Duke is fantastic, but let us not forget those who remain silent, and let us not forget the younger versions of ourselves.

October 20, 2011

Can you see me now?

I am not gay. I am a boy who is attracted to and can fall in love with girls. I know this is a somewhat strange way to begin a blog post for our lives, but it is on this point that my post hinges. So you might be thinking, “What does this have to do with LGBT issues?” Well, as an answer to this question I will also say this, I am not straight. I am a boy who is attracted and can fall in love with other boys. If this first paragraph confuses you, please read on, this post is for you.

I am a bisexual male. I feel attraction to both genders, and have the capacity to form romantic relationships with both. One of the frustrations I have that I feel is unique to bisexuality is that as a bisexual you have a tendency to be “invisible”. What I mean by this is that people generally assume that you are either straight or gay, never in between. If I’m talking about a boy I like, I’m gay. If I’m talking about a girl I like, I’m straight. I will tell you, these misconceptions are very annoying. The same problem applies to the spaces I occupy.

Back at home, I was straight. There was no question about that. Granted, I was single for most of high school, but that didn’t matter. Though I only started to discover myself in my senior year of high school, by the end of the school year this was bothering me. It didn’t really help matters that I had a girlfriend. Even after I told my parents that I was bisexual, I was still straight. My dad actually told me once, “You aren’t really bisexual. I mean, you have a girlfriend and you haven’t dated or slept with a boy. So really, you’re bicurious, not biactual.” Now spellcheck is telling me that the words “bicurious” and “biactual” are not real words. Well, that’s because they’re complete loads of (words I can’t say on this blog). The fact that I haven’t actually slept with a boy has no bearing on the attraction I feel. But I am on the edge of a tangent, and that is a post for another day.

Here at Duke I seem to have the opposite problem. Since the atmosphere here is much more accepting and queer friendly, I’ve found the strength to come out and not hide who I am. The problem is, people don’t seem to understand who I am. Though I still do have to deal with the expectation of heterosexuality, at Duke I have been mistaken for gay several times as well. I do understand how I could be a bit misleading as I have a rainbow bracelet I wear daily, I fly a rainbow flag from my window, and I spend my free time on West Campus in the LGBT Center. This doesn’t change the fact that it bothers me to be constantly misread. I mean, how does one show that they are bisexual? Short of walking up to a boy and planting a kiss on him, then turning to a girl and doing the same, how can I avoid being misinterpreted? I do wear a bisexual pride necklace, but most don’t know what it is. (For the record, it’s pink, purple and blue. Ask me about it and I’ll show you, or use the magic of the internet.)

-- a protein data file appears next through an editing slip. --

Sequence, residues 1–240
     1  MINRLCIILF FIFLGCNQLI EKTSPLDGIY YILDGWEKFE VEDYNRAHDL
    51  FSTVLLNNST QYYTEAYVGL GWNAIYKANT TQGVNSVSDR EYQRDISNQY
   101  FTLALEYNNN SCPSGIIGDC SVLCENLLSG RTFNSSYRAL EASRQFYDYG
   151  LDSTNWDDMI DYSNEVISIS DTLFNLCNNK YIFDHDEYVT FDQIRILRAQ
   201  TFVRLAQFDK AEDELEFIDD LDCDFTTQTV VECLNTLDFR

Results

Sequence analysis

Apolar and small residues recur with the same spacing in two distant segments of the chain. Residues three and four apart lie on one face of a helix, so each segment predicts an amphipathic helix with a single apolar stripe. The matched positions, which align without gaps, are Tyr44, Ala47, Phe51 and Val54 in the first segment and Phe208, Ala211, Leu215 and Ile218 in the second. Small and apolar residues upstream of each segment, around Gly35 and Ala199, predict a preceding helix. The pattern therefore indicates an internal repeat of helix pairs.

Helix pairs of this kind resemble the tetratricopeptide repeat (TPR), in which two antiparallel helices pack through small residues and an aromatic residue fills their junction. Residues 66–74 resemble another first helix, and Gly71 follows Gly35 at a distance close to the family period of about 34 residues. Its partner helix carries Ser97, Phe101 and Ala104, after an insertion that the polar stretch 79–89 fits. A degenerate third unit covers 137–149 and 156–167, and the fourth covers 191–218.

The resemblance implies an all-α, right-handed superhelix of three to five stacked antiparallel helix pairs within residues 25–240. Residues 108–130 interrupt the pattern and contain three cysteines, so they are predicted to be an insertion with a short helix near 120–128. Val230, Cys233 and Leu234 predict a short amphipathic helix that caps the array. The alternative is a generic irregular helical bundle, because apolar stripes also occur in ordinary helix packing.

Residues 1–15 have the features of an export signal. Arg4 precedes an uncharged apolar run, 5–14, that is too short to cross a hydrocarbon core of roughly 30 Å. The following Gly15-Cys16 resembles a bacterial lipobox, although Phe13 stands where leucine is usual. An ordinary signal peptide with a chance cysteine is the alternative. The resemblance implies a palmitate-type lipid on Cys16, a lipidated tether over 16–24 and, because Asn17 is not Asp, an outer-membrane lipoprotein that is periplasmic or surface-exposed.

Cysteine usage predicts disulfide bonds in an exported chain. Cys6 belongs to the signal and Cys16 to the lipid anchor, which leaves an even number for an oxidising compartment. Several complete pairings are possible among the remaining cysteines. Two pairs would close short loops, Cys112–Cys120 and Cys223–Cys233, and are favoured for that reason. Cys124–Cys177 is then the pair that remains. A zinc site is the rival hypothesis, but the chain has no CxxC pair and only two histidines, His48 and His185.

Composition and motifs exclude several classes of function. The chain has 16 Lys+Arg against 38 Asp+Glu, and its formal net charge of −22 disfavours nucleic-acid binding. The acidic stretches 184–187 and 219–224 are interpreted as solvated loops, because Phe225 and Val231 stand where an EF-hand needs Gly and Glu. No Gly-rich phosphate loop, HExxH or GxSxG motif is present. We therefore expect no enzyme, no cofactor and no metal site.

Though these misconceptions bother me a bit, I’m generally loath to speak up about it. Though I cringe when I get lumped into the “gay” category, I don’t like to speak up for fear of being annoying. I’m generally better about speaking up when lumped into the “straight” category, but that doesn’t happen to me as much anymore. (It’s a wonder what a rainbow or two can do) Contrary to some beliefs that I’ve heard, being bi is not “half-gay”. We are a completely distinct orientation, nuanced and varied like any other. It is time that we are seen.

(I understand that I haven’t really given an idea to avoid bisexual invisibility, because I’m honestly not sure. Any ideas would make awesome comments *hint hint*.)

October 19, 2011

WOMYN Wednesday

Hey, everyone!

I promised to keep you in the loop about WOMYN, so here's the rundown: Our Senior Layout Editor, Robert Kollenberg, has begun putting the magazine together. We're also working with an artist to create a unique cover design for the magazine, as well as a layout redesign. Finally, just as a reminder, if you're on the Review Board, please return your comments on new submissions ASAP - y'all are the ones who have the power to accept or reject submissions!